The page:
For South African investors who want exposure to gold, there are a plenty of options:
As SA is one of the biggest gold producers in the world, there are many gold miners listed on the JSE. A company like DRDGold has already rallied more than 250% since the start of the year.
You will have to do your homework before deciding which company has the best investment potential, and could run even further.
Buying shares directly can also be quite costly, in terms of brokerage and other fees. Experts warn that investment in gold shares should be part of a diverse portfolio – they can be quite volatile.
Gold unit trusts
If you aren’t sure which gold shares to buy, there are plenty of ETFs and unit trusts on offer in the sector, says FNB portfolio manager Wayne McCurrie.
A unit trust pools investors' money together to buy a number of different gold mining shares.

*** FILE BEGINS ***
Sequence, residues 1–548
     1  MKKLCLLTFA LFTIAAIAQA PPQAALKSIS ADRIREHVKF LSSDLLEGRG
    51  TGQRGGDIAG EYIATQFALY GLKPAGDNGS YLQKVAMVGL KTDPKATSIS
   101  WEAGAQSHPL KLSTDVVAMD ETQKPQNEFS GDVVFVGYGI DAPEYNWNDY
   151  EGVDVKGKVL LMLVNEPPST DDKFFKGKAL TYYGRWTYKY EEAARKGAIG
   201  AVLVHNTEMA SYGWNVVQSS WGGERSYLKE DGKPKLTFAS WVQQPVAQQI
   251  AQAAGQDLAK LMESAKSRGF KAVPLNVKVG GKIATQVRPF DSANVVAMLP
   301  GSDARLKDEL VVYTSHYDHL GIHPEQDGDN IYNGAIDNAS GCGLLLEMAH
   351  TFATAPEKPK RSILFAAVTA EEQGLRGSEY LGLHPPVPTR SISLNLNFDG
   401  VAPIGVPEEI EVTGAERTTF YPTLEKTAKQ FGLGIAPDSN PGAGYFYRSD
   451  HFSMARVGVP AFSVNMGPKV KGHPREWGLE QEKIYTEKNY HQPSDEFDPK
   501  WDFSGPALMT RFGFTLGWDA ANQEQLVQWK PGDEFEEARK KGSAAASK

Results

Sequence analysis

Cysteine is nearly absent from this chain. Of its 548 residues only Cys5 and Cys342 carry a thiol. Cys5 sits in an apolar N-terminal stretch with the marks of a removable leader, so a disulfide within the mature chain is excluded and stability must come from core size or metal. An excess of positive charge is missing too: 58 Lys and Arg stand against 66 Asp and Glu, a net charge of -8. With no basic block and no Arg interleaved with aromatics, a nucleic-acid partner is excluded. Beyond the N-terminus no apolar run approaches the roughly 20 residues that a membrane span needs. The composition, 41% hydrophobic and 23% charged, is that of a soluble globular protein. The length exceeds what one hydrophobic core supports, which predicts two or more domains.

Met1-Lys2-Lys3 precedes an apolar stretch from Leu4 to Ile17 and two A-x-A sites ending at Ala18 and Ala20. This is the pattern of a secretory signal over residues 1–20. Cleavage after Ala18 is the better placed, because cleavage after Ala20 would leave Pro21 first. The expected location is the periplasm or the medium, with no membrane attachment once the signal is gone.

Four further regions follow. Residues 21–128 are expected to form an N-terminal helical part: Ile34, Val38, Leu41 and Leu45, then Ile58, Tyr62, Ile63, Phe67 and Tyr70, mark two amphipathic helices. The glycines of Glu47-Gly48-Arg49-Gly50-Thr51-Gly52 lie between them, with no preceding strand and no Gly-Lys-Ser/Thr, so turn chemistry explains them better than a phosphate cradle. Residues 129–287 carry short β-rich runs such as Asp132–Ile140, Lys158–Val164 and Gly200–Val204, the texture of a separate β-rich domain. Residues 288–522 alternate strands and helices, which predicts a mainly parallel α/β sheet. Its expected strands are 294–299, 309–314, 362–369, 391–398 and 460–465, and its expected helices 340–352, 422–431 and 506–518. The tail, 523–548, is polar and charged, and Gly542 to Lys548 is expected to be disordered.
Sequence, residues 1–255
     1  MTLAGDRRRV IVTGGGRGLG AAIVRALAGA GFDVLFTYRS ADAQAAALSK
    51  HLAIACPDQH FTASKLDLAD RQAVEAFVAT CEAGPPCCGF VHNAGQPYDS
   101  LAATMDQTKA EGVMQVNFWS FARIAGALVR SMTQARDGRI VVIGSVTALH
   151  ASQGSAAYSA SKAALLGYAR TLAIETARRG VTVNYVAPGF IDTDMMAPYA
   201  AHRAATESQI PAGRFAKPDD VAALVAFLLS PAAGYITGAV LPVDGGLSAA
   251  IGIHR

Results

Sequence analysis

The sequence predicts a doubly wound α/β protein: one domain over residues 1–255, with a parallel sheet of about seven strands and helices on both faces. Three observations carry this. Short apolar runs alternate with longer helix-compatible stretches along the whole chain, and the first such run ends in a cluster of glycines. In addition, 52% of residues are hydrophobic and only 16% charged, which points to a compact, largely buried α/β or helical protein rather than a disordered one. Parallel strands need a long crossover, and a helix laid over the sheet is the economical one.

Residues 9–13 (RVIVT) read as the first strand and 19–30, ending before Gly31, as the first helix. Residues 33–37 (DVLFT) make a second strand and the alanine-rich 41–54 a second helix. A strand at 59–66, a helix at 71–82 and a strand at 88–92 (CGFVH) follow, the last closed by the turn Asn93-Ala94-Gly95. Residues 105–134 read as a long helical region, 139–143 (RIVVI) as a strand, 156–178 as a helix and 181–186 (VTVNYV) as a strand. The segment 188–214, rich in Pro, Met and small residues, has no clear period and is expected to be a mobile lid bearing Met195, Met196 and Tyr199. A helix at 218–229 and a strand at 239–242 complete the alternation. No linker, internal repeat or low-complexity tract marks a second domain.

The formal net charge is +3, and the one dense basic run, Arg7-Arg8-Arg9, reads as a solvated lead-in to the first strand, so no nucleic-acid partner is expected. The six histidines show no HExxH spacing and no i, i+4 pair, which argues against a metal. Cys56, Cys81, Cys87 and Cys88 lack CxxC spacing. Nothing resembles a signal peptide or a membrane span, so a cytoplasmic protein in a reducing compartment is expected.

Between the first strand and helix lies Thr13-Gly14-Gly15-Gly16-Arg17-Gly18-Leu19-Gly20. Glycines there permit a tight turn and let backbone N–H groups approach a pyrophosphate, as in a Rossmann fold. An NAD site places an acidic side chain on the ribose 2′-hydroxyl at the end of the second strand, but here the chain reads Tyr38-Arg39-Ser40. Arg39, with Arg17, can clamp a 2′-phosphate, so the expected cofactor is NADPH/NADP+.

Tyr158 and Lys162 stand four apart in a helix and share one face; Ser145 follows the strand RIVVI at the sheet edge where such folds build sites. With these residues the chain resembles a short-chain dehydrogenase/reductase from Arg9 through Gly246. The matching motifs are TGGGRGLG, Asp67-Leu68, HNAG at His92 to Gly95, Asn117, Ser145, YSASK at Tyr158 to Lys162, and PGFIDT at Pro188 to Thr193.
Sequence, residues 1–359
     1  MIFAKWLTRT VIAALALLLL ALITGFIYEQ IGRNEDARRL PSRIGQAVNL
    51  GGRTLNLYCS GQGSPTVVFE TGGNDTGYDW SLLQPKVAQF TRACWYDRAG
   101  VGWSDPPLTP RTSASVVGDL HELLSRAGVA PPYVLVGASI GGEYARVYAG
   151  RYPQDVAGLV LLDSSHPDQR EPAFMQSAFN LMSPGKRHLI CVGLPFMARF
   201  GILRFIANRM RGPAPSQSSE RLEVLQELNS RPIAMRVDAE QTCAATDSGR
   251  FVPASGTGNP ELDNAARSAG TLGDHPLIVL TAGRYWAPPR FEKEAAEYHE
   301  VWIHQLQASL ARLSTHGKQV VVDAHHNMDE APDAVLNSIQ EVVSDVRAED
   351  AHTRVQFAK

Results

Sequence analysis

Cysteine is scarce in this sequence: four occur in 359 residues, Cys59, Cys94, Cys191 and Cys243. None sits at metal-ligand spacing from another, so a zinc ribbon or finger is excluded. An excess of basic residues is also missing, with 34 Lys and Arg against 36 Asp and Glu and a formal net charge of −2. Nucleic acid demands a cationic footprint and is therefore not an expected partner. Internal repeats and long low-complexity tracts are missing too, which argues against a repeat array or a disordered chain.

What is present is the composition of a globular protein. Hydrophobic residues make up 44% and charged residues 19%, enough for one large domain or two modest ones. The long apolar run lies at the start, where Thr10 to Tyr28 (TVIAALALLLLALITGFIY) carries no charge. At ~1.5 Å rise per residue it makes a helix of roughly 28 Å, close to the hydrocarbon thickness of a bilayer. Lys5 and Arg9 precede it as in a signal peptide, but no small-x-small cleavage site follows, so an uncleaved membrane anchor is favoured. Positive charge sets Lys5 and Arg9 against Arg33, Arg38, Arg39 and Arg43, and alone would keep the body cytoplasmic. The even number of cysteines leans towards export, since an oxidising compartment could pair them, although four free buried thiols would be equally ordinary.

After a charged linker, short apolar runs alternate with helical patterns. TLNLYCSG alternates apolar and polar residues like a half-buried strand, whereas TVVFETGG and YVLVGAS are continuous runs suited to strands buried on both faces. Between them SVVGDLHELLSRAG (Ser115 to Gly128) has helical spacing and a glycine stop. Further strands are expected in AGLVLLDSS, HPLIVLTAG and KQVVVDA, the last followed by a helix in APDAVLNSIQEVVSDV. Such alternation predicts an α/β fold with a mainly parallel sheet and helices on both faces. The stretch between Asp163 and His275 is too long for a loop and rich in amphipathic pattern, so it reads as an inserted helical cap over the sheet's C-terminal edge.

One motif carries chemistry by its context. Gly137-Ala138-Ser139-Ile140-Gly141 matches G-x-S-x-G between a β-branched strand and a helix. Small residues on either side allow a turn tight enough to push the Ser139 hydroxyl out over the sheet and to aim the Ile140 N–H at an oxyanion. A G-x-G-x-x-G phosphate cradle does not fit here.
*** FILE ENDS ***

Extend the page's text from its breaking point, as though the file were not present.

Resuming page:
There are a number of gold-focused unit trusts from investment companies like Coronation and Old Mutual. Their fund managers decide which companies offer the best growth over time.
Gold exchange traded funds
Exchange traded funds (ETFs) are a bit like unit trusts: they also pool investors’ money together to invest in assets. But unlike unit trusts, there are no experts to pick investment winners on your behalf. ETFs simply track an index, or an asset price. It should give you the same performance of an index (of shares, for example) – minus costs.
The most popular of the gold ETFs in South Africa, Absa’s NewGold and 1nvest Gold, track the price of gold. When you buy one NewGold security, for example, it is the equivalent of 1/100th of a fine troy ounce of gold.
ETFs are currently massive buyers of gold.
Across the world, year-to-date gold buying for ETFs tracking the metal reached 655.6 tonnes on Wednesday, Bloomberg reported, surpassing the full-year increase seen in 2009. Gold ETF holdings currently sit at 3,234.6 tonnes.
Medallions and Kruger rands
There are two types of Krugerrands. Bullion Krugerrands, manufactured by the SA Rand Refinery, are 22 carat gold. Their value is directly linked to the gold price. You can currently buy a bullion Krugerrand from around R3,700 for a 1/10oz coin, up to almost R33,000 for a full ounce coin.